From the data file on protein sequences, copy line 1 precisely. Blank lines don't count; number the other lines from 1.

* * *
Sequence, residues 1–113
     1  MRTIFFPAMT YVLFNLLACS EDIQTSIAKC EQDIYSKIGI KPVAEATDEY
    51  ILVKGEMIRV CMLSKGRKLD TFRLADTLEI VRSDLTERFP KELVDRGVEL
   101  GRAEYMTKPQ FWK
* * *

Sequence, residues 1–113